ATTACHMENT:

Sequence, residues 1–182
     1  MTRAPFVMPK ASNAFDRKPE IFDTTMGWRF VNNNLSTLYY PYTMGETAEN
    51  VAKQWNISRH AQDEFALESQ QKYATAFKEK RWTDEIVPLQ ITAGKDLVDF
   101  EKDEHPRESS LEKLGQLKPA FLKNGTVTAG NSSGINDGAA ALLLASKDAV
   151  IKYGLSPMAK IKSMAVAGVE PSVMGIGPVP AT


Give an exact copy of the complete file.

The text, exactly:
Sequence, residues 1–182
     1  MTRAPFVMPK ASNAFDRKPE IFDTTMGWRF VNNNLSTLYY PYTMGETAEN
    51  VAKQWNISRH AQDEFALESQ QKYATAFKEK RWTDEIVPLQ ITAGKDLVDF
   101  EKDEHPRESS LEKLGQLKPA FLKNGTVTAG NSSGINDGAA ALLLASKDAV
   151  IKYGLSPMAK IKSMAVAGVE PSVMGIGPVP AT